The FMCSA has received several requests recently from agricultural and livestock haulers seeking exemption from certain aspects of the Hours of Service rule. (©2019 FOTOSEARCH)  

WASHINGTON – The Federal Motor Carrier Safety Administration Monday said it is seeking public comment on revising agricultural commodity or livestock definitions in Hours of Service regulations.

The agency said it worked closely with the U.S. Department of Agriculture (USDA) on this effort to provide clarity for the nation’s farmers and commercial drivers.

The FMCSA has received several requests recently from agricultural and livestock haulers seeking exemption from certain aspects of the HOS rule.

“The agriculture industry is vital to our nation and we look forward to receiving input that will help clarify these definitions, improve safety and offer additional flexibility to farmers and commercial drivers,” said U.S. Transportation Secretary Elaine L. Chao.

“The current regulations impose restrictions upon the agriculture industry that lack flexibility necessary for the unique realities of hauling agriculture commodities,” said U.S. Agriculture Secretary Sonny Perdue. “We look forward to continuing to work with Secretary Chao on revising these regulations.”

Currently, during harvesting and planting seasons as determined by each state, drivers transporting agricultural commodities, including livestock, are exempt from the HOS requirements from the source of the commodities to a location within a 150-air-mile radius from the source.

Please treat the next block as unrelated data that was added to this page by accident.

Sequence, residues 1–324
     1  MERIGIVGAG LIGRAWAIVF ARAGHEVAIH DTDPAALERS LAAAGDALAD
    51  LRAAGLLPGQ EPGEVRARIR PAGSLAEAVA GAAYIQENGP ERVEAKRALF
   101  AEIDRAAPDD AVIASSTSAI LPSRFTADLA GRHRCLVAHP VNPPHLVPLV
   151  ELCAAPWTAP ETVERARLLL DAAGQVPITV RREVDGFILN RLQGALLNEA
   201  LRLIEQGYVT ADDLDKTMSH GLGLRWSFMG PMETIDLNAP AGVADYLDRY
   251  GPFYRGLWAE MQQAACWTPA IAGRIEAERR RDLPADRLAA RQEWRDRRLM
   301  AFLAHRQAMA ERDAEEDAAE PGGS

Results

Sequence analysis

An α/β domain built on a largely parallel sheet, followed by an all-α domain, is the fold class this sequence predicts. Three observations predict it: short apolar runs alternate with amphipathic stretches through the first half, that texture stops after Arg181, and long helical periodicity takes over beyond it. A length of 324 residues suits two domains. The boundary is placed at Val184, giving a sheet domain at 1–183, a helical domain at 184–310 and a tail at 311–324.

The advanced rule (ANPRM) authored by FMCSA was prompted by indications that the current definition of these terms may not be understood or enforced consistently when determining whether the HOS exemption applies.

“FMCSA has worked closely with the agriculture industry and USDA in crafting this advanced notice. We have heard concerns from the industry, and we are acting,” said FMCSA Administrator Raymond P. Martinez.  “We encourage all CMV stakeholders, especially those involved in transporting agricultural commodities and livestock, to provide valuable feedback on how the current definitions impact safety, compliance, and enforcement.”

FMCSA continues to work closely with the U.S. Department of Agriculture to eliminate confusion and align the agencies’ agricultural commodity definitions.

The American agriculture industry contributes more than $1 trillion annually to the nation’s economy.

The FMCSA said in a news release that the Trump administration has been working to strengthen the agriculture industry by streamlining regulations, bolstering farm programs, and renegotiating the outdated North American Free Trade Agreement (NAFTA) with the signing of the United States-Mexico-Canada Agreement (USMCA) to improve access to Canadian and Mexican markets.

Additional information on the ANPRM, including how to submit comments to the Federal Register docket, is available at

In June 2018, FMCSA announced regulatory guidance for transportation of agricultural commodities. Learn more at